Still, fewer than a quarter of the games were decided by less than 10 points and 28 percent have hit the running-time threshold.

“I’m not sure what can be done at this point,” said Gordie Salls, the athletic director at Sanford High. “The MPA, the coaches and the leagues are all on board with trying to eliminate some of this.”

STATEWIDE ENROLLMENT DOWN

For roughly 20 years, from the first Class A playoff in 1967 until the mid-1980s, the number of schools playing football in Maine hovered around 60. Over the next decade, a handful of schools dropped the sport.

By the late 1990s, the trend reversed. Traditional soccer towns in Greater Portland started high school football programs and new consolidated schools across the state also joined the ranks. Bonny Eagle, now a Class A power, got a jump on the competition, beginning varsity play in 1994 and moving to Class A in 1996. Scarborough, Windham and Mt. Ararat soon followed, with Falmouth, Greely, Cape Elizabeth and Maranacook beginning varsity play in 2003.

By 2011, the number of teams in Maine had reached the high 70s, as several smaller schools also started programs, including Yarmouth in 2007; Freeport, Camden Hills and Sacopee Valley in 2009; and Hermon, Washington Academy and Telstar in 2011.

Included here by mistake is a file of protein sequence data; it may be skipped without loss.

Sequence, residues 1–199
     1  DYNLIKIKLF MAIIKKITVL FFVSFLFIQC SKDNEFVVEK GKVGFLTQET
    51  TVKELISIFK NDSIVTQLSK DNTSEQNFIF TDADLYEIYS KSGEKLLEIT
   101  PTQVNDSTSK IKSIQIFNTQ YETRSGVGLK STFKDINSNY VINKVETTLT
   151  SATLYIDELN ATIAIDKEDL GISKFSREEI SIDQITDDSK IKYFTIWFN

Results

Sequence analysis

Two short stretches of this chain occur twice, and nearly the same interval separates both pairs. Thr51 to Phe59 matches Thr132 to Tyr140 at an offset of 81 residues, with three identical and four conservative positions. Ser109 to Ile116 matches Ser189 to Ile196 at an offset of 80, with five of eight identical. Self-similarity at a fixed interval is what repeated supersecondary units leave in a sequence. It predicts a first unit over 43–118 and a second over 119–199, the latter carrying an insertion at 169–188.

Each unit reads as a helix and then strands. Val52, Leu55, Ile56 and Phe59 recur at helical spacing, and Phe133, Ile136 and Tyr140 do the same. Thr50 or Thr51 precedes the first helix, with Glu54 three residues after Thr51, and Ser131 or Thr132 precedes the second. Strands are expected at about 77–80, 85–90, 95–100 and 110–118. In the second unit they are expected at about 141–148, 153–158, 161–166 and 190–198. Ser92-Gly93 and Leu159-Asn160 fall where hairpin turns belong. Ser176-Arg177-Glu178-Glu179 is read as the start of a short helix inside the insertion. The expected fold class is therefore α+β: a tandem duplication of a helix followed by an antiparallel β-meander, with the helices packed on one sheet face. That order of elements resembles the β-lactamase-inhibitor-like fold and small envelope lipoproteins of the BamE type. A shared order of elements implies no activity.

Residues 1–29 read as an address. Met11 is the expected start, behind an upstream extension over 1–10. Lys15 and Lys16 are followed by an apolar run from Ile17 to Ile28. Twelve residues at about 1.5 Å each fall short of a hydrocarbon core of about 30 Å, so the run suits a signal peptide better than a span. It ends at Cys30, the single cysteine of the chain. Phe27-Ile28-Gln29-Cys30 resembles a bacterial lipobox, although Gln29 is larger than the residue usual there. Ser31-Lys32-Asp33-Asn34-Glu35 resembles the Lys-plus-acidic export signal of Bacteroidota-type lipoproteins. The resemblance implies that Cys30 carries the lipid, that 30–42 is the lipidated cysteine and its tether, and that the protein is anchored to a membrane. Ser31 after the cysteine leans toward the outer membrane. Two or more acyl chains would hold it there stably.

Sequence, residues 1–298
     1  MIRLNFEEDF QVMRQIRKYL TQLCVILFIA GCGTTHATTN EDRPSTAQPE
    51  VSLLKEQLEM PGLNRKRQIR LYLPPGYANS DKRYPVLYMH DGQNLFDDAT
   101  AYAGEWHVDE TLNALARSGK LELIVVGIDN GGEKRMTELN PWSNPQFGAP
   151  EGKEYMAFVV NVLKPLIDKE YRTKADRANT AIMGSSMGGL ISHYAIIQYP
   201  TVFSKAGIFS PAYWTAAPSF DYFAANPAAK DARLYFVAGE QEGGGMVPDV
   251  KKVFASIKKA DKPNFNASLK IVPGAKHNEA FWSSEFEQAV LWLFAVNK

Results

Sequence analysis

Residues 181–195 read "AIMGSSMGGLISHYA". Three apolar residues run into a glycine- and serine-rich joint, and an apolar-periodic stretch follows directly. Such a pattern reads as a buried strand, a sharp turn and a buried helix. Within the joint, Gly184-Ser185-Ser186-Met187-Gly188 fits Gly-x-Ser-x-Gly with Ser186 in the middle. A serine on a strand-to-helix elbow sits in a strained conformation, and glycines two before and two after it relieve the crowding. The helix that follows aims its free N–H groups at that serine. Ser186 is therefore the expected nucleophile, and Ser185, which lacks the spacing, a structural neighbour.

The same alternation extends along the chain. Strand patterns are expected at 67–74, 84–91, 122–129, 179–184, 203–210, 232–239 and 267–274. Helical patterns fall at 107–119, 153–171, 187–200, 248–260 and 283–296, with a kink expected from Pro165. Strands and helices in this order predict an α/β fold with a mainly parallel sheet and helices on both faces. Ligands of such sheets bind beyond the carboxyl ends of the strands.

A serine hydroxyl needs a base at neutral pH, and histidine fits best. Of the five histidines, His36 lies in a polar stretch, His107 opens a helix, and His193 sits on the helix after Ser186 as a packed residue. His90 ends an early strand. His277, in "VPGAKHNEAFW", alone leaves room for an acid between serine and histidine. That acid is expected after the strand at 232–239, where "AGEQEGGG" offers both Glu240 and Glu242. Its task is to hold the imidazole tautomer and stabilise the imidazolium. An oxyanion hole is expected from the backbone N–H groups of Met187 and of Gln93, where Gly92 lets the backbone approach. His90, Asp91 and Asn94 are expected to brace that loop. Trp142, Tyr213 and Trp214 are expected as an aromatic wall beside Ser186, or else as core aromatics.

But within five years, Camden Hills, Sacopee Valley and Telstar (along with longtime football program Boothbay Region) had shelved their varsity programs.

“Even though we have the most high schools playing football in Maine that we’ve ever had, not all are very well-populated,” said Mike Haley, executive secretary of the Maine Football Coaches Association. “That’s one reason we’re having some of the lopsided scores we’re having. They’re trying to establish a program.”

While the number of football programs grew, enrollment at Maine high schools declined sharply, particularly north of Portland. Statewide high school enrollment has decreased by nearly 11,000 students – or 16.2 percent – since the 2006-07 school year.

In 1999, 3,624 students from 65 schools played football. Last season 3,631 football players represented 82 schools, including those involved in co-op programs.

“When you look at the number of kids in programs, across the state, those have been diminishing,” Salls said. “When the numbers are diminishing, and you’re struggling, and not winning, it’s hard to attract kids.”

Roster size – or more accurately “roster depth,” as Fryeburg Coach David Turner put it – is the surest way of judging a mismatch. An undermanned team may compete well for a quarter or two but more times than not it becomes a tired, defeated outfit.

“Then all of a sudden the other team hits a big play and one score turns into two scores and then it comes down to, ‘OK, here we go,’ ” Turner said.

PITFALLS OF RECLASSIFICATION

With the exception of football’s Class E, teams in Maine high school sports compete in divisions that are grouped by student enrollment. Every two years, the MPA reclassifies schools based on latest enrollment figures.

Reclassification, while intended to help level the field, can put some football teams at a competitive disadvantage. This year four former Class B teams moved into Class C and five former Class C teams moved into D. The shifts have proven beneficial for teams that moved down, but not for holdovers like Yarmouth. The Clippers, regional Class C champs in 2015, won their first game Friday night after a starting the season with six losses. Yarmouth has lost games this fall by scores of 44-0 and 53-7.